Uni team’s killer weapon in virus battle
Polytechnic University researchers have developed a 3D printing material that they claim can kill the coronavirus up to five years after it is used.
It is also cheap and easy to produce and can be used in making door handles and elevator buttons to reduce transmission risks not only from Covid but also from other viruses and bacteria, said Chris Lo Kwan-yu, an associate professor from the university’s Institute of Textiles and Clothing and the research team’s leader.
Lo said 70 percent of the coronavirus and other germs can be eradicated two minutes after they come into contact with the material, 90 percent in 10 minutes and almost 100 percent in 20 minutes.
He added the material can kill over 84 percent of viruses in 10 minutes three years after it had been applied.
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“Using 3D printing technology, the material can be produced in different forms catering to different needs,” Lo said. “It is highly flexible and can be used extensively in public facilities to provide prevention support.”
The material is mostly composed of resin but added with antiviral agents that can destroy the membranes of viruses and bacteria, killing them.
“The antiviral agents carry positive charge, while viruses and bacteria have negative charges on their surfaces. The clash of opposite charges will destroy their surfaces and kill them,” said another team member, Kan Chi-wai.
The team has collaborated with the Home Affairs Department, the Hong Kong Wetland Park and an environmental group to produce recycling bin handles and toilet door knob covers for further testing of the material’s effectiveness and durability.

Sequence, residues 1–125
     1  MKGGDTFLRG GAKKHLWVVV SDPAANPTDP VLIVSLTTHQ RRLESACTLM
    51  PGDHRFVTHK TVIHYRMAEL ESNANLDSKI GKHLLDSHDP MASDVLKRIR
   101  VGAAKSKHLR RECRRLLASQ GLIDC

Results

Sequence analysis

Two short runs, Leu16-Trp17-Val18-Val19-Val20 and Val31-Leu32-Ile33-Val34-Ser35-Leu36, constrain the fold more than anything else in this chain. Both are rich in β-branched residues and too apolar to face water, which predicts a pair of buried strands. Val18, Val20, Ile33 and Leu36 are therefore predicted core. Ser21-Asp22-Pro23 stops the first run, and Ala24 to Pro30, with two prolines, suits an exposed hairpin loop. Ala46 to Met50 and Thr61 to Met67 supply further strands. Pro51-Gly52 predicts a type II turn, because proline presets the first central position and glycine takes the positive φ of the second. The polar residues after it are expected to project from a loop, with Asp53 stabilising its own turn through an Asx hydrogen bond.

“No Covid virus and other bacteria are detected on the recycling bin handle’s surface after it had been used for a year. This proves the efficacy rate of the material only diminishes gradually after three years of use and is effective in fighting against viruses and bacteria,” Kan said.
He said the material is effective against mutant viruses as it kills them through physical means.
The material’s disinfection components are embedded in the product rather than coated on the surface, so daily cleaning with disinfectants does not compromise its anti-virus performance, Kan added.
The team has applied for a patent and said the material can be used for commercial purposes, such as phone cases and for housing construction.
“We believe the material can be used in making elevator buttons as we can produce 10 buttons in around 10 minutes at a cost of about HK$10,” Lo said.
He said it can be used to make handle covers, which can be produced through a mould injection method, costing some tens of Hong Kong dollars each.
The team will also work with the Sham Shui Po District Office to produce door knob protective covers for over 100 unmanaged “Three-Nil” buildings in the district and has plans to apply the material to schools, health-care facilities and public transport.